PCI Express may be the future for solid-state drives, and the interface has already taken root in OCZ's Z-Drive SSDs. The company has just announced a new one: the Z-Drive R4. Available in full- and half-height models, the Z4 has a PCI Express 2.0 x8 interface with 4GB/s of peak bandwidth to and from the system. You're gonna need the bandwidth, too, because the fastest Z4 is said to be capable of pushing data at nearly 3GB/s.
The Z-Drive achieves its impressive performance with the aid of multiple SandForce SSD controllers managed by a "SuperScale" storage controller of OCZ's design. Details are scarce on the controller, but it's part of version 2.0 of the company's Virtualized Controller Architecture. VCA 2.0 offers its own queuing system in addition to supporting both TRIM and the SCSI command set. Configurable redundancy options are built right in, and VCA also attempts to extend NAND longevity at the block level. Excellent endurance with 2x-nm MLC flash memory is a big selling point for the new Z-Drive, OCZ says. According to CEO Ryan Petersen, a 3.2TB Z4 is capable of withstanding 120 petabytes worth of writes. SLC versions of the drive with even greater longevity will be available, as well, although OCZ insists they're only necessary in extremely write-intensive environments.
Behind the OCZ chip, you'll find up to eight SandForce SSDs controllers tied to banks of NAND. The half-height RM84 variant of the Z4 is limited to four SSD controllers, and its performance ratings drop accordingly. As one might expect, the midget card doesn't offer as much storage capacity as its big brother, topping out at mere 1.2TB.
|Interface||PCI Express 2.0 x8||PCI Express 2.0 x8|
|Available capacities||800GB, 1.6TB, 3.2TB||300GB, 600GB, 1.2TB|
|Max sequential reads||2800MB/s||2000MB/s|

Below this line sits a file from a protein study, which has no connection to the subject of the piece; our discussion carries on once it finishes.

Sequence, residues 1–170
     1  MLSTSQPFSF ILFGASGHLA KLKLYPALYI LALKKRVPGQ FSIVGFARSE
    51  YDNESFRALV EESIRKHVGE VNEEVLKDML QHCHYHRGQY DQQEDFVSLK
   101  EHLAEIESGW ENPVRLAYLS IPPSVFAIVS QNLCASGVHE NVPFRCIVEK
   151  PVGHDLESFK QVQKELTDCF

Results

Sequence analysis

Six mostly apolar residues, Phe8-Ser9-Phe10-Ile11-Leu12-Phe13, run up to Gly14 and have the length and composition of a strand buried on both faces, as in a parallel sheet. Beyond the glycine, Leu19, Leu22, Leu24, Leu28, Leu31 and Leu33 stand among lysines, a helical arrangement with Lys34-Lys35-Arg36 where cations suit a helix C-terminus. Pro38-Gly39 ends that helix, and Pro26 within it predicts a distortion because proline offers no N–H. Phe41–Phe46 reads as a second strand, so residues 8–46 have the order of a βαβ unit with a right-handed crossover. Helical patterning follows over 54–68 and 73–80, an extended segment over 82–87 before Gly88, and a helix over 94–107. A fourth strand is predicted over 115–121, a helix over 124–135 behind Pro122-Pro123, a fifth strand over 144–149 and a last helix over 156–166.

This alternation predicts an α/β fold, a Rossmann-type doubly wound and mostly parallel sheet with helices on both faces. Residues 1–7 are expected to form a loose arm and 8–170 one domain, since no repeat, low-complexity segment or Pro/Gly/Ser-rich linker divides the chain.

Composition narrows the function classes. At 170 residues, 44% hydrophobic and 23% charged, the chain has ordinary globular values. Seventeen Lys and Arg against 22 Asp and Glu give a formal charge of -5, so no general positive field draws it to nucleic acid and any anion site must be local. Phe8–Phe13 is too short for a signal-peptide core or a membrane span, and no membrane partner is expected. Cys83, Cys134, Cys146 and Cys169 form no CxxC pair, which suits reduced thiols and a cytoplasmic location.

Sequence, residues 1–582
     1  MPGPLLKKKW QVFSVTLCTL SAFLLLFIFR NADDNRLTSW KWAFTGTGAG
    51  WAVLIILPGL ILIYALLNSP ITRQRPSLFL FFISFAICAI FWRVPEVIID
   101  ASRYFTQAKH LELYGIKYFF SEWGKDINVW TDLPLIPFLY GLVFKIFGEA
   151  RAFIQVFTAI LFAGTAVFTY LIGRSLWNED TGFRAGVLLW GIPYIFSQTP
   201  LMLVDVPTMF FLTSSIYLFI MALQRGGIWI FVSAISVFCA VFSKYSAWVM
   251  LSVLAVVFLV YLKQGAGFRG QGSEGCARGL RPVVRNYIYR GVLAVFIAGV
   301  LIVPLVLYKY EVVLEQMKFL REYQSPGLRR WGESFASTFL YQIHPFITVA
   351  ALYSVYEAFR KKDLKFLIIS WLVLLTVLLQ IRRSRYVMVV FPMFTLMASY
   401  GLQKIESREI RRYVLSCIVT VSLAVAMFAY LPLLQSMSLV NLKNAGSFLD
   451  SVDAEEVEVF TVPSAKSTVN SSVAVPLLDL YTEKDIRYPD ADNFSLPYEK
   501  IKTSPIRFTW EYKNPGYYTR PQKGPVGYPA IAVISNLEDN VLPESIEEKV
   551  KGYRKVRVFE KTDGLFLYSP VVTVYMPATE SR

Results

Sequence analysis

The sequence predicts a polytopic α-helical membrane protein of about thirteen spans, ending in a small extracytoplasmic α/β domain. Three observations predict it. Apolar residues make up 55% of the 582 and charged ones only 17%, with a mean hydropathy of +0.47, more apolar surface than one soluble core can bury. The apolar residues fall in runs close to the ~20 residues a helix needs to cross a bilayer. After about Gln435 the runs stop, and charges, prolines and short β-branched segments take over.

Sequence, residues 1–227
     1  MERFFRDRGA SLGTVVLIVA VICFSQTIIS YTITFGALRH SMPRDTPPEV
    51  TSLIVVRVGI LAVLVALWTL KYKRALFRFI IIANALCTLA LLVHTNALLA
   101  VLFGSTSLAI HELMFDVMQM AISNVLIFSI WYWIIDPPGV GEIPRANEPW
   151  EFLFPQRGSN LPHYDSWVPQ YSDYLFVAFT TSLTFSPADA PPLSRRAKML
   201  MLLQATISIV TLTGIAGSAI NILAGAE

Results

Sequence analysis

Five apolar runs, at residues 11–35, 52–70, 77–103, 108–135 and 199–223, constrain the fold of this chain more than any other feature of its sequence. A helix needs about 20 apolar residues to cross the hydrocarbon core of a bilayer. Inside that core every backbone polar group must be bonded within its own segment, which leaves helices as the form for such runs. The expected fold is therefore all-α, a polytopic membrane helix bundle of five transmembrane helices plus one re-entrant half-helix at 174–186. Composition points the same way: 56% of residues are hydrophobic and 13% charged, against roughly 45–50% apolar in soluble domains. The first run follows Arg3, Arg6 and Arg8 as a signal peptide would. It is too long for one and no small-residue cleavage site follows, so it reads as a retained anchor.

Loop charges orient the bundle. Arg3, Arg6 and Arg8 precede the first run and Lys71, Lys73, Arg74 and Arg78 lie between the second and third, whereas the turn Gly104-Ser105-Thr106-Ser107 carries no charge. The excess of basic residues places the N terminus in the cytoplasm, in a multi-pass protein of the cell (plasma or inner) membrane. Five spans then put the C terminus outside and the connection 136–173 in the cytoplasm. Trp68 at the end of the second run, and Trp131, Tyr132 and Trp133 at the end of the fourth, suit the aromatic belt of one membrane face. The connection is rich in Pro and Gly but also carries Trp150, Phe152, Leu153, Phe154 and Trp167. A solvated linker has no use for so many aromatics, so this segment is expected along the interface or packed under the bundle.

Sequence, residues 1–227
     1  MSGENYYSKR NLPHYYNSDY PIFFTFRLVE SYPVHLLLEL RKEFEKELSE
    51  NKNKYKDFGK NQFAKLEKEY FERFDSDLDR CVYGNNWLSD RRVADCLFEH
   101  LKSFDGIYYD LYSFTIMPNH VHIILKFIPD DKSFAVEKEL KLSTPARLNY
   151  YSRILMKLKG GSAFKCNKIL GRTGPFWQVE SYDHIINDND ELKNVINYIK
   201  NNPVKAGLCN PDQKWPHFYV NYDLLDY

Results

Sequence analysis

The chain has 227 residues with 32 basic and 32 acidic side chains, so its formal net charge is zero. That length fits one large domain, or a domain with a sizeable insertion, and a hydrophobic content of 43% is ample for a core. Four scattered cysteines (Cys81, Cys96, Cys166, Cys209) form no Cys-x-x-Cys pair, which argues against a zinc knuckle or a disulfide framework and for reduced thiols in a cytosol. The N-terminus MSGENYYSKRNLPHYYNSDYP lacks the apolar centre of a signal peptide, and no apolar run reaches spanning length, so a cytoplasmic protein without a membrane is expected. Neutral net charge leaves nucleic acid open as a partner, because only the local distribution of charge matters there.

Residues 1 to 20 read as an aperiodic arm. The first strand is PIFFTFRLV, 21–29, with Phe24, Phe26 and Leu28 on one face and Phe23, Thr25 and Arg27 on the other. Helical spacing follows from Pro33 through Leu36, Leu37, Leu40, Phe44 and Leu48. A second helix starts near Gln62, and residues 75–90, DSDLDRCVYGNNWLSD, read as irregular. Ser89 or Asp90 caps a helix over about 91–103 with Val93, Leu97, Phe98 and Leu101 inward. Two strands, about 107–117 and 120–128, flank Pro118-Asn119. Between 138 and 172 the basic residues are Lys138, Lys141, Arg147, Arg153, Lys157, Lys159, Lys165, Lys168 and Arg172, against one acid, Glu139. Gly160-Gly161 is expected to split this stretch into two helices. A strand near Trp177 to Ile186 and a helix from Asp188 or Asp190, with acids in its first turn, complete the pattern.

|Max sequential writes||2800MB/s||2000MB/s|
|Max random 4KB writes||410,000 IOps||250,000 IOps|
|Warranty length||Three years||Three years|
OCZ isn't pinning down pricing just yet, but it indicates that R4 drives would run $6-15/GB depending on the configuration. With the line starting at 300GB, this isn't something you'll be popping into a desktop PC. The R4 is very much designed with enterprise customers in mind, and OCZ is keen to point out that it will even churn out custom form factors for its customers. Custom orders will have to wait until the end of the year. The standard Z-Drive configs are already shipping, though.
Somewhat surprisingly for such a premium product, the Z-Drive R4's warranty runs out after just three years. That's not actually atypical. Another big name in the PCIe SSD market, Fusio-io, also covers its drives with a three-year warranty. Enterprise-class mechanical hard drives usually have five-year warranties.
|Asus' ROG Swift PG278Q G-Sync monitor reviewed||16|
|Unigine to add native x86 support on Android||1|
|Here's a 37-minute video of The Witcher 3||20|
|Steve Ballmer leaves Microsoft board, goes ballin'||26|
|Tuesday Night Shortbread||34|
|Asus has a smartwatch up its sleeve, plans Sep. 3 unveilng||19|
|SanDisk's Ultra II SSD combines TLC NAND with clever caching||11|
|New Corsair contraption controls fans, temps, LEDs||12|
|Enermax's new card readers are perfect for empty external bays||30|